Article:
The United Nations' top human rights body has approved an international criminal investigation into alleged abuses in Sri Lanka's civil war, fought between the government and Tamil Tiger separatist rebels and which ended in 2009.
Members of the 47-nation U.N. Human Rights Council agreed to set up the yearlong investigation, estimated to cost $1.46 million, based on the recommendation of U.N. High Commissioner for Human Rights Navi Pillay.
By a 23-12 vote Thursday, with 12 abstentions, the council approved a U.S.-led resolution authorizing Pillay's office to launch "a comprehensive investigation into alleged serious violations and abuses of human rights and related crimes by both parties in Sri Lanka." The inquiry also seeks to hold both sides of the conflict accountable.
Sri Lanka has come under international pressure to deal with war crimes allegedly committed in the final stage of a 26-year conflict with the rebels, known as the Liberation Tigers of Tamil Eelam (LTTE).
The U.N., through two previous U.S.-sponsored resolutions, has urged Sri Lanka to follow the recommendations of a local panel appointed by President Mahinda Rajapaksa, which also urged punishment for soldiers involved in war crimes.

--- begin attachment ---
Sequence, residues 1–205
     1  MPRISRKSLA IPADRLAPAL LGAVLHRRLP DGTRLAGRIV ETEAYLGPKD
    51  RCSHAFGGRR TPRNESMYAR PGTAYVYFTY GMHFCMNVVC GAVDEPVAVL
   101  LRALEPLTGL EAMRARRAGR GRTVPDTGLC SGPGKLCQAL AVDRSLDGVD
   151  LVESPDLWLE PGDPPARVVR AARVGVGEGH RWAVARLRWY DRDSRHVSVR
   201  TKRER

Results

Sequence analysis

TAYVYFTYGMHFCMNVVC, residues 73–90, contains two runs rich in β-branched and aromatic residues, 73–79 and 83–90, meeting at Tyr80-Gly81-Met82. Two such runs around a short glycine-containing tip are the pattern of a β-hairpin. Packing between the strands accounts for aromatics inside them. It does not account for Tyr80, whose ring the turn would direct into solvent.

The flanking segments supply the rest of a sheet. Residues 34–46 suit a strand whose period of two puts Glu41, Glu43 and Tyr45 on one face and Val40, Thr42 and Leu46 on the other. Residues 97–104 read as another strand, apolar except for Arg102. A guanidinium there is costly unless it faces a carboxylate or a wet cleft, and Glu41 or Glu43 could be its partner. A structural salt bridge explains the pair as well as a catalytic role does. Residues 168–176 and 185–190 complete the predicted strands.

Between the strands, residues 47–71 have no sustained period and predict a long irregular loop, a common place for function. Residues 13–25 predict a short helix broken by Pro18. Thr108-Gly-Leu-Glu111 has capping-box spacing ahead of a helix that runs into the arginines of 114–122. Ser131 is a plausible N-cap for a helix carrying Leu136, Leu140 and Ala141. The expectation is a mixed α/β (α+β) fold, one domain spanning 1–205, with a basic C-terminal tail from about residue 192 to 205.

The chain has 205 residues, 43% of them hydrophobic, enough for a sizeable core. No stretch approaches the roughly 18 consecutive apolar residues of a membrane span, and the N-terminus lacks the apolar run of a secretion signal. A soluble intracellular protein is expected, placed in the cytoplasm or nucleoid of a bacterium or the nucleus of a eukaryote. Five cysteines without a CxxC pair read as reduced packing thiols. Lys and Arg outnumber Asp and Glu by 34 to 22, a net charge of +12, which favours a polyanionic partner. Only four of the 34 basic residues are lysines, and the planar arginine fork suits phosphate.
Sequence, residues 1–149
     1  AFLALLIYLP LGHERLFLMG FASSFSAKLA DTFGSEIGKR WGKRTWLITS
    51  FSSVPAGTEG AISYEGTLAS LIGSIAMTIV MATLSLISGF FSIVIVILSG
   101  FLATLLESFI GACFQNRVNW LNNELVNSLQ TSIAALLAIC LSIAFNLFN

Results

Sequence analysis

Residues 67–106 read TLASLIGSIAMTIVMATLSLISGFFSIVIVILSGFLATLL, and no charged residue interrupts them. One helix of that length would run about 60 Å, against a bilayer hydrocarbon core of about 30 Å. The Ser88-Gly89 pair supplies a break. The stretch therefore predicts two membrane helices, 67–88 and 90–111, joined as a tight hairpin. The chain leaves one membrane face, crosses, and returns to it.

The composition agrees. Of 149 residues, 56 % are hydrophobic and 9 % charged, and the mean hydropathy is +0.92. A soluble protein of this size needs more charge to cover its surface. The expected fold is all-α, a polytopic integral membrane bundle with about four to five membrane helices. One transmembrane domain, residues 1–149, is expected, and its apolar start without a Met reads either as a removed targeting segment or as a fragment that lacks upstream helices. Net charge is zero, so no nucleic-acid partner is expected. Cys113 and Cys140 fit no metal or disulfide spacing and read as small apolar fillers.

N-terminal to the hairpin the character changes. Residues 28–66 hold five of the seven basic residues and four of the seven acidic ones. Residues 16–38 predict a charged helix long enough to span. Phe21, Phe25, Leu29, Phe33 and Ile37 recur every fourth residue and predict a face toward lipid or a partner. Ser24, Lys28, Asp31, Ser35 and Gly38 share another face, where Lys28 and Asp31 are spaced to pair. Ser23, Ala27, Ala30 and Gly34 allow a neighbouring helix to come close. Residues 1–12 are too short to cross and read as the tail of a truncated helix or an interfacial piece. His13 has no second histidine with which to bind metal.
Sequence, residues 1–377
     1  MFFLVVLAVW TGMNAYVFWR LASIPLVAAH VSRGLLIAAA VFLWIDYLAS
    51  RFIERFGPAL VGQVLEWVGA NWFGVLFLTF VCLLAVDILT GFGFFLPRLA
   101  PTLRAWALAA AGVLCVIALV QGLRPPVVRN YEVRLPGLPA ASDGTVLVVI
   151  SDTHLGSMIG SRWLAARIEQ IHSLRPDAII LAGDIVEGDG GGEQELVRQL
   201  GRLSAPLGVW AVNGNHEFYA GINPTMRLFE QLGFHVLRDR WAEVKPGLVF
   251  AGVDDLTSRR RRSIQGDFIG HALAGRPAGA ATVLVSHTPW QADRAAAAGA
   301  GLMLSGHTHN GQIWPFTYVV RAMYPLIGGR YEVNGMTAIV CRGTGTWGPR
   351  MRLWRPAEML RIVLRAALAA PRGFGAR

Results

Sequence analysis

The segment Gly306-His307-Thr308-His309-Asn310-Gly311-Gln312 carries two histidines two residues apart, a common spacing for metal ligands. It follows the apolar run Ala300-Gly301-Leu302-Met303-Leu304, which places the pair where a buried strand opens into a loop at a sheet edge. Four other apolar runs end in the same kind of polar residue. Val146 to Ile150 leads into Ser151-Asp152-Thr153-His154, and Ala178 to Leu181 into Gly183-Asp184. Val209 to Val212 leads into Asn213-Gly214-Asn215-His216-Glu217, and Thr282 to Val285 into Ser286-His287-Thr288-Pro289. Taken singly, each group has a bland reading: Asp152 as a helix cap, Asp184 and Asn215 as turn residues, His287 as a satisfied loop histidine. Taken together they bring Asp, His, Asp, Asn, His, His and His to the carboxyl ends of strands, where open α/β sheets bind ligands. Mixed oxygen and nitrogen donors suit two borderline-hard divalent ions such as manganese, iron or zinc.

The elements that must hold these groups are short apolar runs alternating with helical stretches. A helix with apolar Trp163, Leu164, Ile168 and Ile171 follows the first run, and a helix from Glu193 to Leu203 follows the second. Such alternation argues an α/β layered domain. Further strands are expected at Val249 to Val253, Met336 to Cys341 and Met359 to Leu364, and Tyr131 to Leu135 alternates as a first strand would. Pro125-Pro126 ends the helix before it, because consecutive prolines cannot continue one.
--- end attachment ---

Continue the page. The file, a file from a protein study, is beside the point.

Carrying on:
The third resolution, also sponsored by the U.S., comes after Sri Lanka failed to implement the recommendations, amid continued alleged rights violations.
Rajapakse rejected Thursday's resolution, telling the Agence France-Presse news agency that he would instead press ahead with his own reconciliation plan.
"We reject this," Rajapakse said. "This resolution only hurts our reconciliation efforts. It does not help. "But I am not discouraged. We will continue with the reconciliation process I have started," he added in a phone call.
Mohan Samaranayake, a spokesman for president Rajapakse, told Al Jazeera on Thursday that the resolution was "politically motivated," "biased" and "unjust."
Samaranayake added that Sri Lanka would "study the entire process that happened so far and the changes in comparison to the previous two occasions, and will take appropriate action," referring to the previous resolutions.
A U.N. report found up to 40,000 people may have been killed in the war's final phase, but the government disputes that figure.
Pillay had told the council on Wednesday that it was crucial to recall the "magnitude and gravity" of the violations allegedly committed by both the government and the rebels, who were known for their suicide bombings.
Al Jazeera and wire services